By Donald Hall b. 1928 Donald Hall

“Always Be Closing,” Liam told us—
abc of real estate, used cars,
and poetry. Liam the dandy
loved Brooks Brothers shirts, double-breasted
suits, bespoke shoes, and linen jackets.
On the day Liam and Tree married
in our backyard, Liam and I wore
Chuck’s burgundy boho-prep high-tops
that Liam bought on Fifth Avenue.


When the rain started, we moved indoors
and Liam read a Quartet aloud.
T.S. Eliot turned old and frail
at sixty, pale, preparing for death.
Then poets of new generations
died—Frank O’Hara first, then Jim Wright
with throat cancer in a Bronx hospice,
Sylvia Plath beside the oven,
Thom Gunn of an overdose, Denise


Levertov, Bob Creeley, Jane Kenyon...
In a New York bar, Liam told me
eccentric, affectionate stories
about a road trip in Tree’s country
of Montana, and the joy they felt
in the abundance of their marriage.
At Bennington Tree said, “Fourteen years
after the wedding in your backyard,
I love Liam with my entire heart.”


Liam’s face changed quickly as he spoke,
eyes and mouth erupting with gusto
as he improvised his outrageous,
cheerful, inventive obscenities.
When I first met him—I expounded
at a young poet’s do—his bearded
face was handsome and expressionless.
He would not defer to a poet
fifty years old! After a few months


he was revising my lines for me,
making the metaphors I couldn’t.
Even now, working at poems, I
imagine for a moment Liam
disassembling them. A year ago
he watched the progress of age turn me
skeletal, pale flesh hanging loosely
in folds from my arms, and thin rib-bones
like grates above a sagging belly.


His body would never resemble
my body. Four or five times a week
we wrote letters back and forth, talking
about class structure, about how Tree
took charge over the Academy
of American Poets, about
poems and new attacks on free speech...
When I won a notorious prize,
Liam sent me eighty-one notions


about projects I might undertake.
Number fifty-six instructed me:
“Urge poets to commit suicide.”
His whole life he spoke of suicide
lightly, when he wasn’t preserving
the First Amendment from Jesse Helms,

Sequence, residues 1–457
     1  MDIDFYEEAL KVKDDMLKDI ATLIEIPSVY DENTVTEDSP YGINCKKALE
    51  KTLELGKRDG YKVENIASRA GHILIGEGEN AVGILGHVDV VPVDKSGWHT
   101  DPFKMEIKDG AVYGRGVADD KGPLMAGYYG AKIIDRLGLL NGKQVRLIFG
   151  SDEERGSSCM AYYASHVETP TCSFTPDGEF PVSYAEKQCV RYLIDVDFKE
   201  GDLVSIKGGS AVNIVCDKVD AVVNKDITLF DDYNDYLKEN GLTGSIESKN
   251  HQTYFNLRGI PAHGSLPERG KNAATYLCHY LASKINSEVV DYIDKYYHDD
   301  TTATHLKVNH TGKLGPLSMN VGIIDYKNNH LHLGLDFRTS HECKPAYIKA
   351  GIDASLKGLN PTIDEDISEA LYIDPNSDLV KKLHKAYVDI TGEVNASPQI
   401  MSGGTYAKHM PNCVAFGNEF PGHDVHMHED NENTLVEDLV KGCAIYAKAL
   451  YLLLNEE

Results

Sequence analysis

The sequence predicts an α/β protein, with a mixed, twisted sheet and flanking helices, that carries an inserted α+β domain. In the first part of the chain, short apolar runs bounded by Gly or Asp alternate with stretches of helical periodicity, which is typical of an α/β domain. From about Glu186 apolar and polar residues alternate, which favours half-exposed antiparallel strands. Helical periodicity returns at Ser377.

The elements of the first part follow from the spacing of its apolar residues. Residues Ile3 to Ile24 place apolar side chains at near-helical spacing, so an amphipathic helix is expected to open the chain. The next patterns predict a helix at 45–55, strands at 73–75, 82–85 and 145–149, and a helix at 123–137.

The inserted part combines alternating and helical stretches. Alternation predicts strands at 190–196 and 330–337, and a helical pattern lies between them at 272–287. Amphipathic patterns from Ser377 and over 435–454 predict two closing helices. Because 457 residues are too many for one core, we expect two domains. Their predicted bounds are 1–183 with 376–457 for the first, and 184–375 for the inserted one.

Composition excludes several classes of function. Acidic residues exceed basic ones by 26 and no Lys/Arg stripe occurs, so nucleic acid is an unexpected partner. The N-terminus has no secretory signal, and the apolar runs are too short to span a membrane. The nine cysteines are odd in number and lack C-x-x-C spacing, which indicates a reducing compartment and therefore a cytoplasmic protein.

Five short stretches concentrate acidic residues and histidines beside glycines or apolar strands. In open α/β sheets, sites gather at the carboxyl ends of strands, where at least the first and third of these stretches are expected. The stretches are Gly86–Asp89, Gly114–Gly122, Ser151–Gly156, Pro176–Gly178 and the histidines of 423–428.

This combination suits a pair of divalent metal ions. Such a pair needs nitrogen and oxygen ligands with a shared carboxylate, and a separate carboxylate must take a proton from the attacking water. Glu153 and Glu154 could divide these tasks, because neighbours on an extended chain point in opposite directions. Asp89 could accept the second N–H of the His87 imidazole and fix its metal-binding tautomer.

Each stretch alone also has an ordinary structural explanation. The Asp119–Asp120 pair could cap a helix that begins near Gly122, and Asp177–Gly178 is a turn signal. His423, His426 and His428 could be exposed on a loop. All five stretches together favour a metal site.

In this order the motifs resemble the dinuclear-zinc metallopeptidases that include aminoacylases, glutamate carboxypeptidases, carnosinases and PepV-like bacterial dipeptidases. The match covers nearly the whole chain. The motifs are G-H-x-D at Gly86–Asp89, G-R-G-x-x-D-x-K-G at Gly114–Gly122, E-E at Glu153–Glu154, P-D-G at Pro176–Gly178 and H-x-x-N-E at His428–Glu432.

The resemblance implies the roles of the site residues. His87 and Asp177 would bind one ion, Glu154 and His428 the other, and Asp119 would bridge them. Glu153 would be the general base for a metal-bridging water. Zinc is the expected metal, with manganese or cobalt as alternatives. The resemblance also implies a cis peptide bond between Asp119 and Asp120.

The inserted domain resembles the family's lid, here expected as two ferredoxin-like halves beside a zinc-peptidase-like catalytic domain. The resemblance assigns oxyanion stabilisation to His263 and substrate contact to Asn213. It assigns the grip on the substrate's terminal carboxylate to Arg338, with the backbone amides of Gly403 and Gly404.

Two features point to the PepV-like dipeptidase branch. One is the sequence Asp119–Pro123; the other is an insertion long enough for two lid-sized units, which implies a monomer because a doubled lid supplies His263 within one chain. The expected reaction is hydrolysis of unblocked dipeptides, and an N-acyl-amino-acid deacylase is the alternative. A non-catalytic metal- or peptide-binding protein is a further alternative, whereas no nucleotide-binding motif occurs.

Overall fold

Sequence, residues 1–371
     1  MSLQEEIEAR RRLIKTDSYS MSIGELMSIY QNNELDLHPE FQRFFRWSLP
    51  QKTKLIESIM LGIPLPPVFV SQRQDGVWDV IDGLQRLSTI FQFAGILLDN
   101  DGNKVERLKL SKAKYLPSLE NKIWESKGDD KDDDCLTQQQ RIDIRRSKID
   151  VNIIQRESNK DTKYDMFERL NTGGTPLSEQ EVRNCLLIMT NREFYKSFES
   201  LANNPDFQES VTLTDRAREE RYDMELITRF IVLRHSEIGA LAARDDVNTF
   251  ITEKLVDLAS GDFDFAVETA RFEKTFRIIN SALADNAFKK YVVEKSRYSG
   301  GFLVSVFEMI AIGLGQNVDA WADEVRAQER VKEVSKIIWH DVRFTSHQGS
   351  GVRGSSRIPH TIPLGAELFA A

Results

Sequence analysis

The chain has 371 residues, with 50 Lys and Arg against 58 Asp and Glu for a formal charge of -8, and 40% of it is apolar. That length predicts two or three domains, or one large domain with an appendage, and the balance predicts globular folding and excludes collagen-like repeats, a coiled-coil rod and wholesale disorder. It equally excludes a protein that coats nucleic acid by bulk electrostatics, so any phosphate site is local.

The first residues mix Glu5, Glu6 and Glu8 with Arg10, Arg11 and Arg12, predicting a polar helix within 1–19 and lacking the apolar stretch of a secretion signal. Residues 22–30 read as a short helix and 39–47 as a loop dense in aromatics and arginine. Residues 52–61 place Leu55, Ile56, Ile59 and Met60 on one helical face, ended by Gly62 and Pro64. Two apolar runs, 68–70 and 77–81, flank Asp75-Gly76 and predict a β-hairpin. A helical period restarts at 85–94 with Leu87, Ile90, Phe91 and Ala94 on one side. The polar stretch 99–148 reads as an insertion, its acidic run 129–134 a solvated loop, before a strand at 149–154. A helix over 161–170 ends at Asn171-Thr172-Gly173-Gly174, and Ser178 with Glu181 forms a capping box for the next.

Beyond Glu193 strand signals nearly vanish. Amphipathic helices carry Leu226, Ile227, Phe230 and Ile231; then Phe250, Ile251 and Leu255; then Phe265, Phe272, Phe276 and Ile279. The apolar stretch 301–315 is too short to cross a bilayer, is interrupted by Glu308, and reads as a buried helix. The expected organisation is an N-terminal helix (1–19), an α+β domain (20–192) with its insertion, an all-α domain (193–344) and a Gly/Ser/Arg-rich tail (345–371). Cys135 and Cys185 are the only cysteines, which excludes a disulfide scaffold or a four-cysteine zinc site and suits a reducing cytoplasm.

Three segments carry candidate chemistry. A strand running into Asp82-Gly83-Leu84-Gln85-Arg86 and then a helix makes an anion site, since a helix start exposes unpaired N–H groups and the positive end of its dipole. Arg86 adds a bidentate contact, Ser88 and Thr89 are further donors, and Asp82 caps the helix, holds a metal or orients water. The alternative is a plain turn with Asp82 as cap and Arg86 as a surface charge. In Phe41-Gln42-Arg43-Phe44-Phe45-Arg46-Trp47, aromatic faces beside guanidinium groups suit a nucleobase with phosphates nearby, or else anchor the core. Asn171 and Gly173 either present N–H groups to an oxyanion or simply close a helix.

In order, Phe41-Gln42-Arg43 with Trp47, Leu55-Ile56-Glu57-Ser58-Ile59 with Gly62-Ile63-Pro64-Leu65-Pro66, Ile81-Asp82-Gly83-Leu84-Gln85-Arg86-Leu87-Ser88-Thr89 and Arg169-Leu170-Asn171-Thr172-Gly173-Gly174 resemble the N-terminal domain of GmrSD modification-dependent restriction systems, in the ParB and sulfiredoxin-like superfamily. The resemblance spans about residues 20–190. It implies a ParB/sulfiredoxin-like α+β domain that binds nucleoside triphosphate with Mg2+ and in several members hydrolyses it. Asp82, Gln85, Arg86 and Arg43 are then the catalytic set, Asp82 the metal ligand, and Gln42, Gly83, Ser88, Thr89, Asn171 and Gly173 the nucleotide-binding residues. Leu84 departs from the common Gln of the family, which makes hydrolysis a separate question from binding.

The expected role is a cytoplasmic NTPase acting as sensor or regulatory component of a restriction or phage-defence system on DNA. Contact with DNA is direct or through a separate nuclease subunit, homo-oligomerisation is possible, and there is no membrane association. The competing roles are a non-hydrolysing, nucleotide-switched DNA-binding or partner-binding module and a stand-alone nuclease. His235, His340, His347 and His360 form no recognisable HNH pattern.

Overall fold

or enduring two colon cancers,
or watching films, or chatting with Tree,
or undergoing heart surgeries.


If he walked their dog Keeper one block,
he had to take nitroglycerin.
When Jane was dying, Liam and Tree
drove up to say goodbye. I wheelchaired
Jane to a pile of books by her chair
to find the color plate of Caillebotte’s
shadowy kitchen garden at Yerres
for the jacket of Otherwise, when
Tree would design it. I think of Jane’s


horror if she were alive to know
that on August fifteenth Liam pulled
the shotgun’s trigger. The night before,
wearing a tux over a yellow
silk shirt, he danced with Tree once again,
before bed and the morning’s murder.
He left Tree alone and desolate
but without anger. Tree knew Liam
did what he planned and needed to do.

Source: Poetry (November 2010).


This poem originally appeared in the November 2010 issue of Poetry magazine

November 2010
 Donald  Hall


Donald Hall is considered one of the major American poets of his generation. His poetry explores the longing for a more bucolic past and reflects the poet’s abiding reverence for nature. Although Hall gained early success with his first collection, Exiles and Marriages (1955), his more recent poetry is generally regarded as the best of his career. Often compared favorably with such writers as James Dickey, Robert Bly, and James . . .

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Poem Categorization

SUBJECT Living, Growing Old, Death, Sorrow & Grieving, Life Choices, Relationships, Arts & Sciences, Poetry & Poets

POET’S REGION U.S., New England

Poetic Terms Free Verse, Series/Sequence

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